It is sad that many journals involved in the pursuit of the Biblical literature treat the Bible as they would any book or, worse, they subject the Scriptures to scrutiny and skepticism they place against few other works. They treat the text as if its origins were more important than its message and they presume that the history of the books and authors themselves as well as the message have been colored by others, distorted from their original words and meaning, and conflated with myth and legend to the point of being almost undecipherable. It could be said that for many of these journals and their authors, what is said is not as important as reconstructing the original context and thereby they give birth to their own set of myths, legends, and postulates that end up being more important than the text and replacing what has been written and past down through the ages.
Scripture has become a riddle and the modern exegetes riddlers who seek to unravel the mystery. Perhaps we inherited some of this from the layers of rabbinical teaching that accompanied the Old Testament through the ages but the science of Scripture has become the tail that wags the dog, so to speak. There are not many commentaries that I would suggest to the preacher. Some of the finer commentaries that actually aid in the teaching of the Bible and the preaching of the Kingdom are those produced by the Concordia Commentary series. I must confess that I found it easy to read Tom Winger's Ephesians and John Kleinig's Hebrews from beginning to end instead of as a reference work (the way I usually read through a commentary). The most profound commentaries will point us to Christ who is the Word in the word, whose voice speaks through every speaker, whose blood permeates through every page, and whose power is at work in every sentence accomplishing His purpose.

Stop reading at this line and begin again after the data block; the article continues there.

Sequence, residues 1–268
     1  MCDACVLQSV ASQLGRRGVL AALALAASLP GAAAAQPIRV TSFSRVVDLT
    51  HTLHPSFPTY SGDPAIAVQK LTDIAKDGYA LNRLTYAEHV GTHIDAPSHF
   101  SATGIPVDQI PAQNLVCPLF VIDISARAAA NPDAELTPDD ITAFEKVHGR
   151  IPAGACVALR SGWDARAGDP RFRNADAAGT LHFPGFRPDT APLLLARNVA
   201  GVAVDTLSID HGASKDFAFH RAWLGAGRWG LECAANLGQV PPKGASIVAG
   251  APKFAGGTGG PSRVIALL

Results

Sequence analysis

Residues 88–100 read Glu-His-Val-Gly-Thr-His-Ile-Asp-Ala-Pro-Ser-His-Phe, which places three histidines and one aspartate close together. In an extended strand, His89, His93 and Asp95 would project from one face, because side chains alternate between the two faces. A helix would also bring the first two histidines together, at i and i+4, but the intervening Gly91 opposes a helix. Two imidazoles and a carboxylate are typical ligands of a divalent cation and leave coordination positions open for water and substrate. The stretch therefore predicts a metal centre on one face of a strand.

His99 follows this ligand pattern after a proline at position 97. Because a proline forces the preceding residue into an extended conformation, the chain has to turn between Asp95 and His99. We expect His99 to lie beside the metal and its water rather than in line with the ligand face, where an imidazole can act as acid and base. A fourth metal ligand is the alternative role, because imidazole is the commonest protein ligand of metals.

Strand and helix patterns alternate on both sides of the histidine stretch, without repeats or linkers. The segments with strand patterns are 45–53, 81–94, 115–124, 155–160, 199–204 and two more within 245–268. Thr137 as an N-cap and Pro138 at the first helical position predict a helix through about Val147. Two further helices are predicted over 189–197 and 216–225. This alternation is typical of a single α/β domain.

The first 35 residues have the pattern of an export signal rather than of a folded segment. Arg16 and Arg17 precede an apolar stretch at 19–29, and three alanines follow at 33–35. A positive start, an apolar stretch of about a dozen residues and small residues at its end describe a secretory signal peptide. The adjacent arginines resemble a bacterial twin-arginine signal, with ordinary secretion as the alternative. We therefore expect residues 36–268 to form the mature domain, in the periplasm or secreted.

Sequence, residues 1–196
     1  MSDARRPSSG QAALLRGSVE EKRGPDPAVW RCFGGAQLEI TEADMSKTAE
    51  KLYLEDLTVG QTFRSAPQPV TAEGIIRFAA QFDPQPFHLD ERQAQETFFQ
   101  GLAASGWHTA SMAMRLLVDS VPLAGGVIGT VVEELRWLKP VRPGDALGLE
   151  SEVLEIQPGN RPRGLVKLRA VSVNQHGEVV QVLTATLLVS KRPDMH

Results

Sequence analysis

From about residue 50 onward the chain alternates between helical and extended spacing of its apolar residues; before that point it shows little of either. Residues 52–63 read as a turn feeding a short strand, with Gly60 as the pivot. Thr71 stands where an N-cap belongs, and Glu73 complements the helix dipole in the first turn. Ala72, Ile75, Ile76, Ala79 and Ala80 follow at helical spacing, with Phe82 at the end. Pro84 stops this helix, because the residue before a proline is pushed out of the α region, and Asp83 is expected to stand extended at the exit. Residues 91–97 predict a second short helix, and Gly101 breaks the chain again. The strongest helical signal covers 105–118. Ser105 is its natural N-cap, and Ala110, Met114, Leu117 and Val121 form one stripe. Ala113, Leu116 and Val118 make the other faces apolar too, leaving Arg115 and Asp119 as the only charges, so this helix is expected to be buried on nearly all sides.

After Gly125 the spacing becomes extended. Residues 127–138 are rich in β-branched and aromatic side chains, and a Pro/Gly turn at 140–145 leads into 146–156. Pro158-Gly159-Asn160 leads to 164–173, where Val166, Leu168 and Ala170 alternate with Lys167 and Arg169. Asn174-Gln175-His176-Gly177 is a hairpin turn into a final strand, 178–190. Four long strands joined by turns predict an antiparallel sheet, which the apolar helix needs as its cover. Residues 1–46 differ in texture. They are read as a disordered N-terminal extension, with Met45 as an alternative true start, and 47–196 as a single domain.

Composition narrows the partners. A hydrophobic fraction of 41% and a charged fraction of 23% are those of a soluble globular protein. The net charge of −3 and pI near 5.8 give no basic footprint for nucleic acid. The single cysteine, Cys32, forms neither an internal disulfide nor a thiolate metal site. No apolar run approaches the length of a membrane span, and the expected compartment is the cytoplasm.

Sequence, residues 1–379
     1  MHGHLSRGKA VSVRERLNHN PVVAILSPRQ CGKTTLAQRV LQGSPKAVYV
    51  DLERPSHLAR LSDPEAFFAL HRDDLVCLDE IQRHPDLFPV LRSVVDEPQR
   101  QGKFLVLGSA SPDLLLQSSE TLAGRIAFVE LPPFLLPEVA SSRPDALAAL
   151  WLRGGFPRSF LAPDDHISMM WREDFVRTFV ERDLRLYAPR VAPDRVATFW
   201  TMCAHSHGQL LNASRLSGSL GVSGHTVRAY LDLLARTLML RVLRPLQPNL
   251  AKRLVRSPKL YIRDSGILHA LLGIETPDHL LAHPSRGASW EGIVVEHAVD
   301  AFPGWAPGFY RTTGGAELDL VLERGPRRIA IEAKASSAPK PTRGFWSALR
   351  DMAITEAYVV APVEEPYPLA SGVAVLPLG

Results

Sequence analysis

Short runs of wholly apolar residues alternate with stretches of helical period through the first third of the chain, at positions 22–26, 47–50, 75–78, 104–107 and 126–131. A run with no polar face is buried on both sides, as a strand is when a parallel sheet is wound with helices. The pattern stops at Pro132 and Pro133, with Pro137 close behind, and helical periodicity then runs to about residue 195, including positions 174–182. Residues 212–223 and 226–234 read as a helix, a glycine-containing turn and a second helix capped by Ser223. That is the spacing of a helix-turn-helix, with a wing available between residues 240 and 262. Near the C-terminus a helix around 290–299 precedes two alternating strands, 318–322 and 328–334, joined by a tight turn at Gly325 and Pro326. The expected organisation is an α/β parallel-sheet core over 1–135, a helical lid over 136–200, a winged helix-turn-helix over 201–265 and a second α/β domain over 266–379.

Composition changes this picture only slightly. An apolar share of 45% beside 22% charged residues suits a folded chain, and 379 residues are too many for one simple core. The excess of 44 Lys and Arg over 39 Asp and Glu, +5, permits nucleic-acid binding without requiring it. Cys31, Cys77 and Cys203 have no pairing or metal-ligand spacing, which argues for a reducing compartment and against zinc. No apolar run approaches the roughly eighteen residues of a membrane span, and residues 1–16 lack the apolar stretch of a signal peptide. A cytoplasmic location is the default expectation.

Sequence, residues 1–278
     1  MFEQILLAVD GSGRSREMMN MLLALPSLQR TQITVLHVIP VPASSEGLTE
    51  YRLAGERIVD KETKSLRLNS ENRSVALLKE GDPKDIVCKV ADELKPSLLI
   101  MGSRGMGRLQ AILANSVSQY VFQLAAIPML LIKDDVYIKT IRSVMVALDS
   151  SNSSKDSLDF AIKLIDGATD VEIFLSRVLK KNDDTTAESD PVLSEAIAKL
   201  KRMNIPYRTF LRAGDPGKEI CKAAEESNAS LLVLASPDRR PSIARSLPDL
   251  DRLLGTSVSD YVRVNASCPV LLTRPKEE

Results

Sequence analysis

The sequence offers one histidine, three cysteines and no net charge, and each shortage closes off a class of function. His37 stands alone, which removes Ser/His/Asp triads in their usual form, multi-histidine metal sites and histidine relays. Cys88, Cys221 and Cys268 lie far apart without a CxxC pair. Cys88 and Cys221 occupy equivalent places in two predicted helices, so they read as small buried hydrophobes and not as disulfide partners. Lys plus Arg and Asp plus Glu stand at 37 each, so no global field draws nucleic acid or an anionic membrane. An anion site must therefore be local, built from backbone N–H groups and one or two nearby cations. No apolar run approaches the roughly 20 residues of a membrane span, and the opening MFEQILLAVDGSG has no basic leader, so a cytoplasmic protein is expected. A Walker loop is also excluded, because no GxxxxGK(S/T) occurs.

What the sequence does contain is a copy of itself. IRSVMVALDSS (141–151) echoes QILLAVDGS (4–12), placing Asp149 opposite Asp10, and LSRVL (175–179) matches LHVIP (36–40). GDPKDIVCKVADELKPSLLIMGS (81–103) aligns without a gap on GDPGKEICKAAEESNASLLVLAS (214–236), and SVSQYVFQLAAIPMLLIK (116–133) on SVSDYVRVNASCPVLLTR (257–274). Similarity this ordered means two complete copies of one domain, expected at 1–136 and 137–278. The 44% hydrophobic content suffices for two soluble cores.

Pope Francis published last month a tribute to St. Jerome, the patron saint of the Scriptures. Often called one of the most important doctors of the Church, Jerome's focus was primarily on the Word of God. However, Francis suggested that Scripture is a dark and murky mystery without the aid of scholars to enlighten us.
Many, even among practising Christians, say openly that they are not able to read it (cf. Is 29:12), not because of illiteracy, but because they are unprepared for the biblical language, its modes of expression and its ancient cultural traditions. As a result the biblical text becomes indecipherable, as if it were written in an unknown alphabet and an esoteric tongue.
Coming from one of the few church bodies where the Biblical languages still are required of those in Seminary, I hesitate to challenge the idea that mastery of the Biblical languages is not essential. However, Francis has given us a false impression of the Scriptures. The text is not indecipherable and our Lord Himself suggested that the child can see and know the Word of God and meet Christ on its page. He is not at all suggesting that the Scriptures are simplistic but that the primary requirement of any interpreter is faith. And this is exactly what seems to be missing from the pens of those who produce many of the commentaries published today. It would seem they know everything about the Scriptures except Jesus Christ, its author.
St. Jerome would remind us that the primary job of the pastor or priest is to bring the Scriptures to the people through preaching and teaching. He would have harsh things to say to those who succeed in every task but these.
“. . . the word of the priest must be flavoured by the reading of Scripture. I do not wish that you be a disclaimer or charlatan of many words, but one who understands the sacred doctrine (mysterii) and knows deeply the teachings (sacramentorum) of your God. It is typical of the ignorant to play around with words and to garner the admiration of inexpert people by speaking quickly. Those who are shameless often explain that which they do not know and pretend to be a great expert only because they succeed in persuading others”.
And that is where I would end this little meandering thought. The Scriptures are meant to be preached. Commentaries have as their primary function to aid the preacher in his task. To that end, let us treat the Scriptures as the voice of God and make our own mouths accessible to Him so that the Word of God may be proclaimed into the ears, minds, and hearts of the hearer and the Spirit bring forth the response of faith.